After all that... Montreal SHOULD have been using that as motivation. I don't doubt the professionalism of the Habs in terms of giving their all or that the team has heart (you don't come back twice on the road in game 7 if you don't have heart), but they had a very pedestrian view of the rivalry it would seem.

Above I said that I figured Bruins fans would be embarrassed by some of their antics, whereas as a Habs fan, I'm angered by what I perceive as a lack of emotion on my own team's part. Where was the "win it for MaxPac" sentiment? Where was the "they beat us in the alley, let's beat them on the scoreboard to get back at them" mentality? As a fan, I was SCREAMING, "I can't believe we lost to THEM" and yet the guys who could control the outcome, the guys in bleu blanc rogue who actually LIVED through this rivalry, were upset about losing, but seemingly not about losing to the BRUINS. The reaction was no different than if they had lost the same series to, say, Florida. Again- not faulting the effort or heart, just saying there was no extra motivation it seemed....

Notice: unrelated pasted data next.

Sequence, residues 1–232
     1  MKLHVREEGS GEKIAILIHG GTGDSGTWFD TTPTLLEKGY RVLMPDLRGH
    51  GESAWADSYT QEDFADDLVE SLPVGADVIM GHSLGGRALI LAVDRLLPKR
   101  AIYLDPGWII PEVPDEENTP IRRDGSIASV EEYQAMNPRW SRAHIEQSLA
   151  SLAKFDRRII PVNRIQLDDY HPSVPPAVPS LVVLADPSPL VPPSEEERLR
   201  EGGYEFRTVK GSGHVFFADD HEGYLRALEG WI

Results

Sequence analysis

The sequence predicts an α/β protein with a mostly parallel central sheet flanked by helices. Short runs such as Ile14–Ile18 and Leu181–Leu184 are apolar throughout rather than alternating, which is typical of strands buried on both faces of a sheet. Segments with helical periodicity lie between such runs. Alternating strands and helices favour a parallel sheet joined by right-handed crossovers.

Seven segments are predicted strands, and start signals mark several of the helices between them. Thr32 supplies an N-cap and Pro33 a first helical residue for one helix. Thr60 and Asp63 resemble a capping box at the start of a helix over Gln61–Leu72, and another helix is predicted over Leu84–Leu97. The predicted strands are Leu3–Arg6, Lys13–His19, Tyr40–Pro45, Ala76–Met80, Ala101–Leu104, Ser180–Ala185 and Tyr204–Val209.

By comparison, let's look at the Bruins when THEY were the victim. Things totally turned around in the Cup final they lost Horton. Bruin hating fans like myself, while hoping Nathan Horton would be okay, were thinking that as a team, the Bruins actually got what they deserved by losing a player and karma was biting them in the butt. But they didn't see it that way- they got indignant. They made a big spectacle of him being lost and used it as a rallying point (witness the pre-game ceremony in game 4).